In Italy, a number of wine producers are making orange wines all over the country now, but the real hot spot is Oslavia, a small town in Friuli Venezia Giulia which has long been viewed as a grand cru for wines made with the Ribolla Gialla variety. Oslavia is located in the Collio denomination, historically considered not just by locals but by most wine experts as the site of some of Italy’s very best white wines. The Collio area is characterized by a very special macro- and mesoclimate, with an almost Mediterranean character. The Julian Pre-Alps chain keeps the area sheltered from most weather disturbances and the cold air currents that descend from the north-east. Furthermore, the proximity of the Adriatic coast allows sea breezes to drift inland and buffer extreme temperatures, keeping the grapes dry and disease-free. The soils (mostly ponca) are stony and very well-draining, composed of ancient sequential sedimentations of marine origin of sandstone and marl, with not much organic matter but rich in mineral elements. The combination of the relatively steep hillsides, old vines and poor ponca soils (compacted sand and marl) make for an area of stellar viticulture and winemaking potential. Clearly, the talent of those making wines in the area does the rest. Following in Gravner’s footsteps, other local producers, led by Radikon and Primosic, took the next step and created the production guidelines of the “Ribolla di Oslavia” wine, that is made along orange wine production modalities. Besides Ribolla Gialla, many of the local producers (but not all) have taken to macerating (increasing skin contact between must and grape skins) their other grape varieties too, such as Sauvignon Blanc and Pinot Grigio, and in the process making wines with varying degrees of success (there is no doubt that Pinot Grigio takes to maceration much, much better than Sauvignon Blanc does). Today there are many local producers making very fine orange wines in and around Oslavia and all the Collio; of these, three have really struck me for the quality of their wines and that I will feature in this report (but I also love the wines of Primosic, which I tasted for the first time at Vinitaly this year in the Micro Mega Wines area of Pavillon F devoted to Italian small-volume, high-quality wines. The wines of Primosic will be the subject of an upcoming piece by Editor-in-Chief Ian D’Agata here in the TerroirSense Wine Review).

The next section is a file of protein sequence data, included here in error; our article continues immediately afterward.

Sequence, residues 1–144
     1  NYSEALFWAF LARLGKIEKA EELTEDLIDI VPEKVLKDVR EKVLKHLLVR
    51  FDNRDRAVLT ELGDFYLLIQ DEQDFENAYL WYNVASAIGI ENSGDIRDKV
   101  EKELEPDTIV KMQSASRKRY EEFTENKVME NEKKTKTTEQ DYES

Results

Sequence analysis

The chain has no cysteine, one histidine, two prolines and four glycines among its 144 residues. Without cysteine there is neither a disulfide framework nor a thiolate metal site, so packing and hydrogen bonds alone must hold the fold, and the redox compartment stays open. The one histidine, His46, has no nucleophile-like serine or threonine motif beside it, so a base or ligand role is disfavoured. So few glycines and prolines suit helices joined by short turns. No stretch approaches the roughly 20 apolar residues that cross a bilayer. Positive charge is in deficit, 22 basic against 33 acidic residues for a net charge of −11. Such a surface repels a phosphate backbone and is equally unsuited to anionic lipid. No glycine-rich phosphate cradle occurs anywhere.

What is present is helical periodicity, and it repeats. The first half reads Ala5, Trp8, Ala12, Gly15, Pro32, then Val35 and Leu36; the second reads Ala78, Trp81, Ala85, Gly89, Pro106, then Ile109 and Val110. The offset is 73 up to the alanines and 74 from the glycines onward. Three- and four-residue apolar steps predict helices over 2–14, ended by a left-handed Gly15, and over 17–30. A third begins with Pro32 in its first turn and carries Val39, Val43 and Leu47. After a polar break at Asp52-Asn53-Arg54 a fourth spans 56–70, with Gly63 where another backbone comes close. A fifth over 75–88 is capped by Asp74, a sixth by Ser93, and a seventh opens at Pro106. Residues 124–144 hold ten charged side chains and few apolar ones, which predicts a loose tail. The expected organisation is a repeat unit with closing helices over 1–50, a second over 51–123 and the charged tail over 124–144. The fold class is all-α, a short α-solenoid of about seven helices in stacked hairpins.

Gravner is of course the name that started it all. The owner, Joško Gravner, his daughter Mateja, and grand-son Gregor follow a strict biodynamic approach to the entire winemaking process, determining the most appropriate work in the vineyard and cellar according to the changing cycles of the moon. The winemaking method harkens back to very ancient winemaking methods that follow the six to seven thousand years old Georgian winemaking technique, where the grapes macerate for 6-7 months, the wine is fermented in the qvevri, then rests in clay pots for 4-5 months; after that, it is aged in large old Slovenian barrels for 6-7 years before being bottled unfiltered. The total amount of sulfur added is only 60-70 mg/L. After years in which the winery also grew international varieties such as Pinot Grigio, Sauvignon Blanc and Cabernet Sauvignon, and made wines with them, Gravner decided to uproot them all and is now making wine only from native, local, FVG grape varieties. And so the winery now produces one wine from the Ribolla grape and one red wine (made with Pignolo) only.